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January 2, 2019

Report calls for changes to CT’s Medicaid program for children

The percentage of Connecticut children who lack health insurance ticked up in 2017, following three years of consecutive declines.

A new report, authored by a Georgetown University researcher and released Wednesday by the Connecticut Health Foundation, issued several prescriptions for reducing the count of uninsured youths, which stood at approximately 24,000 as of 2017, a number that has increased after state legislators tightened Medicaid eligibility requirements in 2016.

Research cited by the report has shown that health coverage for children pays off down the road in the form of reduced hospitalizations and emergency room visits, and higher educational attainment and employment levels.

Connecticut’s Medicaid program, which covers more than 330,000 vulnerable and disadvantaged children, ranks high in quality measures, but several key tweaks would improve health outcomes, quality tracking and program efficiency, according to the report, authored by Tricia Brooks, an associate research professor at Georgetown’s McCourt School of Public Policy Center for Children and Families

One of the report’s biggest recommendations says Connecticut should implement a “continuous eligibility” policy for its Medicaid and Children’s Health Insurance (CHIP) Program.

Such a policy, which has been enacted by about two dozen other states, would ensure children don’t suddenly lose Medicaid or CHIP coverage, such as in the event of a parent’s income increasing or some other status change. Continuous eligibility would cover any child in such a scenario until his or her parents’ next annual renewal.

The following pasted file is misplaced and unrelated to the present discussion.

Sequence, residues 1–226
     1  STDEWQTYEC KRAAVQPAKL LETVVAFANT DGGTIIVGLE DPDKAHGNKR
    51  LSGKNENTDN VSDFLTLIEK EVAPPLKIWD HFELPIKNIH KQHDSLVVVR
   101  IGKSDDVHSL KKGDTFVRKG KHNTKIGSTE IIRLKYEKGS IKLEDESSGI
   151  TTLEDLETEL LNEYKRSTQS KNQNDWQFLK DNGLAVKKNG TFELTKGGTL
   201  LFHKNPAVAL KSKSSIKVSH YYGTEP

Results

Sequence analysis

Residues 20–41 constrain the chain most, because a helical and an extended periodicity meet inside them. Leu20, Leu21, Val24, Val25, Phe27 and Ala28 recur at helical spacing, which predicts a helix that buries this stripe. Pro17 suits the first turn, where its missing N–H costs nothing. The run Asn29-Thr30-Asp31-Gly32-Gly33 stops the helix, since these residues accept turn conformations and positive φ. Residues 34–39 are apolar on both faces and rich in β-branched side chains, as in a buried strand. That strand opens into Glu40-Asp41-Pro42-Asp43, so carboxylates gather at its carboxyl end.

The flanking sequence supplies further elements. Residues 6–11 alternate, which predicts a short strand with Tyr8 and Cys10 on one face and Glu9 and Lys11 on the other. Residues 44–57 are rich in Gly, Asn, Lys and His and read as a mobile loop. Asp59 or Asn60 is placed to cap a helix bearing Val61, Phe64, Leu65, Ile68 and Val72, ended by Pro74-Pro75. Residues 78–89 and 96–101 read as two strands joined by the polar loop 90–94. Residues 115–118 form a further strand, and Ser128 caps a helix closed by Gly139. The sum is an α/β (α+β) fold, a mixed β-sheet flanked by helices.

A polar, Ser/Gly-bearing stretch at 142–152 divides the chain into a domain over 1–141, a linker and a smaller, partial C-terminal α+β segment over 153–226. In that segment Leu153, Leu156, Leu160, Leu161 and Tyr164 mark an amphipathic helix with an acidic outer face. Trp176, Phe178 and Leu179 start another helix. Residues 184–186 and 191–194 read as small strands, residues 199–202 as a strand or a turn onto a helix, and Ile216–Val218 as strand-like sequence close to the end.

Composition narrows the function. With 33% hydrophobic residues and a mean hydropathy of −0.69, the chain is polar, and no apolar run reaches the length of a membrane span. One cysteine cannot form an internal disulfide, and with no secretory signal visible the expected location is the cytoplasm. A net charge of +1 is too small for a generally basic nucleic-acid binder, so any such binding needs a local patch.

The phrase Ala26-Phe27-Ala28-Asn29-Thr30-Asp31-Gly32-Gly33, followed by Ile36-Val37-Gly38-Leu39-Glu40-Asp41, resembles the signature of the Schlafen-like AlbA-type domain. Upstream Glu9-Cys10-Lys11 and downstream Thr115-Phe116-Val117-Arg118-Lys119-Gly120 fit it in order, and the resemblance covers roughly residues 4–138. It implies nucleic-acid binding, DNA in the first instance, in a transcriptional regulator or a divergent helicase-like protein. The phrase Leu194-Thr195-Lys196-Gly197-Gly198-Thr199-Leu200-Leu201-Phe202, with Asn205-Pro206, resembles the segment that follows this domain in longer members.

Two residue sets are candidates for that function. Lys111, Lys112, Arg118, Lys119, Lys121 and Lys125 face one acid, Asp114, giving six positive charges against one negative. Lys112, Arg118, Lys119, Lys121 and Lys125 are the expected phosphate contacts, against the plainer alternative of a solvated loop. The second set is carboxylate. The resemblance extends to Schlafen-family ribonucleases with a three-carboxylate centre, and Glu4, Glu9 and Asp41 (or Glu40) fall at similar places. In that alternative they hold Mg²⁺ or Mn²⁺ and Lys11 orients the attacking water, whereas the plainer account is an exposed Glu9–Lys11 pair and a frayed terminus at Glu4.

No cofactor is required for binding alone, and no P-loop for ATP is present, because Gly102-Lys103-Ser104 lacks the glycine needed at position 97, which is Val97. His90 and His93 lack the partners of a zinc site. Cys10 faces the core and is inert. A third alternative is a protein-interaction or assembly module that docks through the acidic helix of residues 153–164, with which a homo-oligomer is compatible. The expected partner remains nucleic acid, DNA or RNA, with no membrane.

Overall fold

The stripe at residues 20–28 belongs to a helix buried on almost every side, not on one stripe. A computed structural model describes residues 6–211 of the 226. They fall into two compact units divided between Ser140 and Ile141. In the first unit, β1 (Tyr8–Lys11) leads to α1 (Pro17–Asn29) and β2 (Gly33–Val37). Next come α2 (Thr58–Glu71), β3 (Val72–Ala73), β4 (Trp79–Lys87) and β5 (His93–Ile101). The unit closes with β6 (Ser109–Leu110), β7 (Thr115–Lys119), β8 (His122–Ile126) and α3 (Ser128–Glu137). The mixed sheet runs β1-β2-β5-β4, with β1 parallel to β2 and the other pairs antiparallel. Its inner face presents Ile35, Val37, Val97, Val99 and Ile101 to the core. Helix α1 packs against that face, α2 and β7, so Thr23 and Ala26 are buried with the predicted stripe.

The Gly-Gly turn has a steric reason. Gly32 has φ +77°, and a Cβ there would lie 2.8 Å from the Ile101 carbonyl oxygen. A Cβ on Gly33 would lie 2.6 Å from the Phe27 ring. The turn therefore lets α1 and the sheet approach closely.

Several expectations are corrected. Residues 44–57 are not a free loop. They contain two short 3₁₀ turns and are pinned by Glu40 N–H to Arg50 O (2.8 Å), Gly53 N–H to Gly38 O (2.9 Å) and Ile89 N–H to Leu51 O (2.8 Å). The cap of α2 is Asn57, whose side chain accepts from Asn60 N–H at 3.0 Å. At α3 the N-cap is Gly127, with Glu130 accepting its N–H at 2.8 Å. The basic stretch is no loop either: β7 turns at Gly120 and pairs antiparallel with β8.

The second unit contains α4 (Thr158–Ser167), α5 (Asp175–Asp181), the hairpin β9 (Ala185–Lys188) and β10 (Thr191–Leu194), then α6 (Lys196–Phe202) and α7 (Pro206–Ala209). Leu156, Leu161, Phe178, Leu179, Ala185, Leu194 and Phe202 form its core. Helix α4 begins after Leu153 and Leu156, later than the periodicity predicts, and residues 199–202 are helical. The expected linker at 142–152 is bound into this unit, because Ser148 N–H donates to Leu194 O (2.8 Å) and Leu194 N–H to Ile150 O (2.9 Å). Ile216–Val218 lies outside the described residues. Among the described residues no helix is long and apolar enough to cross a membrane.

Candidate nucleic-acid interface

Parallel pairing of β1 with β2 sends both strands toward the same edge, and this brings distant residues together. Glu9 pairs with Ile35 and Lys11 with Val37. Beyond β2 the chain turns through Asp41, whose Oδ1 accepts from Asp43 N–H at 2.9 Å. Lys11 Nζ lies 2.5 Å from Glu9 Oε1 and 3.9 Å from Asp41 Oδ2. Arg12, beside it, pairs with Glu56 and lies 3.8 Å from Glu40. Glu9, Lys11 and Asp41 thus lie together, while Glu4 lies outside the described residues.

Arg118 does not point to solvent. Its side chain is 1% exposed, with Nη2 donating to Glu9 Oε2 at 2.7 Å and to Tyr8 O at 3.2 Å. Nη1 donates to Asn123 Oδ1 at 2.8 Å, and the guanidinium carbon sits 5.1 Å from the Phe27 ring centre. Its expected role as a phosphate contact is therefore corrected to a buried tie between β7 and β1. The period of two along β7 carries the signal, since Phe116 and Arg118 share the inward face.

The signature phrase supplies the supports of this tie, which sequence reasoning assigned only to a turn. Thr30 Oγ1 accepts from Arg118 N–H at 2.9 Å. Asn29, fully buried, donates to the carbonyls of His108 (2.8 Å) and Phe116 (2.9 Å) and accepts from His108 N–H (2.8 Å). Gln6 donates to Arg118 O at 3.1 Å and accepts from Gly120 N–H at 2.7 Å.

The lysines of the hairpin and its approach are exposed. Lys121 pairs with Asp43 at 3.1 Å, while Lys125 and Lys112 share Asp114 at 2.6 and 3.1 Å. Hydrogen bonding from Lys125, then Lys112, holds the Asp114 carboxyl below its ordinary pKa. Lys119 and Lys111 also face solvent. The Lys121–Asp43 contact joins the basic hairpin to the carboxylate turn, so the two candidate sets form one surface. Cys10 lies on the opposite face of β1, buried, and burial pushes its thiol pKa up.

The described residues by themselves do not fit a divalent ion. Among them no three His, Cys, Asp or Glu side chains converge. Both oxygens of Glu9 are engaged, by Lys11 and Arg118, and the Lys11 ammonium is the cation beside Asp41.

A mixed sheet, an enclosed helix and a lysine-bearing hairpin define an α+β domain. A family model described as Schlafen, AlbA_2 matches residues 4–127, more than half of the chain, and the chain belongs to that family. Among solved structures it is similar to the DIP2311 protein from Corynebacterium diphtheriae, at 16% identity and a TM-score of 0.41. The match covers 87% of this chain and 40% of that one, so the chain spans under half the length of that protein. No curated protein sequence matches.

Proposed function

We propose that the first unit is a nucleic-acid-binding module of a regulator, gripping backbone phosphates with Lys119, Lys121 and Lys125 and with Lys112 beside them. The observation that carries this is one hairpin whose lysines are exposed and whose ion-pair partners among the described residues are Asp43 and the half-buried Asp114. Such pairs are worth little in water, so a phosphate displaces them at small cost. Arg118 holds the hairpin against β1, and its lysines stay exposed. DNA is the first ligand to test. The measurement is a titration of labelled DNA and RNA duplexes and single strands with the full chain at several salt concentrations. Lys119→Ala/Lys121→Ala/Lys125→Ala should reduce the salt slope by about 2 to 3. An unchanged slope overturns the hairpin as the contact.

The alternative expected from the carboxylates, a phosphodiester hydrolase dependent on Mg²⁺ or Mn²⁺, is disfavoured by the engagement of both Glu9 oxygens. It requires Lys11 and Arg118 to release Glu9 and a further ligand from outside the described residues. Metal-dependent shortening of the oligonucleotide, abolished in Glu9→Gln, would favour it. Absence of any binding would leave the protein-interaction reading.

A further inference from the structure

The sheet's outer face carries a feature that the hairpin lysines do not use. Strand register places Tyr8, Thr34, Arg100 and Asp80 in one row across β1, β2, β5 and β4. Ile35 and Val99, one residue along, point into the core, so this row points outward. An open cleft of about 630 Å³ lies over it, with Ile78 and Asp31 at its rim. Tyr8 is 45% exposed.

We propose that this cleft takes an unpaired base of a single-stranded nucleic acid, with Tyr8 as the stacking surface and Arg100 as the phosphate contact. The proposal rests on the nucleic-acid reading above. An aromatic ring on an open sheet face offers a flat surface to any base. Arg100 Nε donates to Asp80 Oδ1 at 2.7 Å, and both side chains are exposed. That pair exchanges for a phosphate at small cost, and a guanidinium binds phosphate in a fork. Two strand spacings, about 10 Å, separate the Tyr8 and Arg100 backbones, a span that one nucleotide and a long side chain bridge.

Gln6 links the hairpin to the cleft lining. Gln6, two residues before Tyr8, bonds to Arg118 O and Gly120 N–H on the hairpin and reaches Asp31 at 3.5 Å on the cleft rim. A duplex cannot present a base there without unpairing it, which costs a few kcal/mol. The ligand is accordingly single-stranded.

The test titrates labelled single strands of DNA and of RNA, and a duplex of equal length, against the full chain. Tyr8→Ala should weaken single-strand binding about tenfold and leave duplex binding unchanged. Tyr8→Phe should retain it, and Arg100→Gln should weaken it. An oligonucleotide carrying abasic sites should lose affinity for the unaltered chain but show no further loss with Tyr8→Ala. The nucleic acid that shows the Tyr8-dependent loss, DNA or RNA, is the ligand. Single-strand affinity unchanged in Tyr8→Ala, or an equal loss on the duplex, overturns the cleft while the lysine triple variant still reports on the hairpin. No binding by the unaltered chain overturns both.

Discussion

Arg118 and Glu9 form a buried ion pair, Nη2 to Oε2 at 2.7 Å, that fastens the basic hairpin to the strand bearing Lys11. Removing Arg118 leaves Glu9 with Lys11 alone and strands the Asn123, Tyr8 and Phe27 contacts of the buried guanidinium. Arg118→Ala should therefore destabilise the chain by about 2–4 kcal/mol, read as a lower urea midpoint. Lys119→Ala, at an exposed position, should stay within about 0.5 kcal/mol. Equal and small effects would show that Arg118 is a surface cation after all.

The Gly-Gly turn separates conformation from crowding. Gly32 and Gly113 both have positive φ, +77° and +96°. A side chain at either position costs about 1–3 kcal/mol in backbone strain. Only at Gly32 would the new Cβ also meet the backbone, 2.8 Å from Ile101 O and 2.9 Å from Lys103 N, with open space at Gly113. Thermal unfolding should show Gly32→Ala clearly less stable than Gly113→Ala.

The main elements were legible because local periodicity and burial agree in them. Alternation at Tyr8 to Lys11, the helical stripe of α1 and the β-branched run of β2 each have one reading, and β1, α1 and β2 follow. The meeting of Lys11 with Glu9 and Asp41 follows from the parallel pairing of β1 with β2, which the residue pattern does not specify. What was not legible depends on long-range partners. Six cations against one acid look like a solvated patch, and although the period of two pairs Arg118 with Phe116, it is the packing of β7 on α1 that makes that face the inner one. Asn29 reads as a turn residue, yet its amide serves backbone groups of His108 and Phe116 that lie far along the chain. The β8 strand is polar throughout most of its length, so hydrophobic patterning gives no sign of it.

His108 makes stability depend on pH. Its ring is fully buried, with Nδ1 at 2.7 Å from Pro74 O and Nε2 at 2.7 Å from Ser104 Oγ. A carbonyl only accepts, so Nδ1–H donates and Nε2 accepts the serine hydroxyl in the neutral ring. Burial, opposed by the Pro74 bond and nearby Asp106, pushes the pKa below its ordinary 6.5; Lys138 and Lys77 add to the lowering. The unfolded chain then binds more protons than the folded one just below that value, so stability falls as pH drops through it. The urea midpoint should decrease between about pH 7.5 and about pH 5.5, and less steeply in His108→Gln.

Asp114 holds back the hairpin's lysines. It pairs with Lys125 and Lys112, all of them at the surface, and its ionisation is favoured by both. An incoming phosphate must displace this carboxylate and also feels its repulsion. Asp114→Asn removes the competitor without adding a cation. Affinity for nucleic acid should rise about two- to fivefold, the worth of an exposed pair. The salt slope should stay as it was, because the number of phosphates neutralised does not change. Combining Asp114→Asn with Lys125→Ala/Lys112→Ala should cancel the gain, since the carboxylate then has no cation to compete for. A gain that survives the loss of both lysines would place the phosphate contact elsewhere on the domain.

“If low-income children lose coverage and their families are unable to afford doctor visits or to fill their prescriptions for even a month or two, they can become sicker and eventually require emergency room or hospital inpatient care,” Brooks wrote. “Already Connecticut experiences a rate of emergency room use that is among the highest in the country. The lack of 12-month continuous eligibility may contribute to this poor ranking.”

Just how much continuous eligibility would cost Connecticut isn’t entirely clear. The report said there isn’t enough publicly available data to calculate it.

However, the report said a recent study pegged the increase of such a policy at 2.2 percent a year, and that longer-term benefits, not just short-term cost increases, should be determining factors for policy makers.

The “HUSKY A” program, which covers the vast majority of children in Connecticut’s Medicaid program, had an average annual cost of $3,600 to $4,668 per client between Sept. 2012 and Dec. 2016, according to state data analyzed by the Connecticut Mirror.

Meanwhile, the report also recommends streamlining the administration of various Medicaid and CHIP programs and expanding CHIP coverage to more women. The latter move would be aimed at reducing the state’s infant mortality rate, which at 4.8 deaths per 1,000 births, is lower than the national average, but much higher for black and Hispanic children, and also reducing the rate of low-weight births in the state.

“While there is much to be proud of in the state’s commitment to children’s health, this report shows there is more work to be done,” Connecticut Health Foundation CEO Patricia Baker said. “Connecticut should aspire to move from 12th to 1st in the rate of uninsured children and to improve the quality of care and health outcomes for all children. This report provides strategies that can help get us there.”

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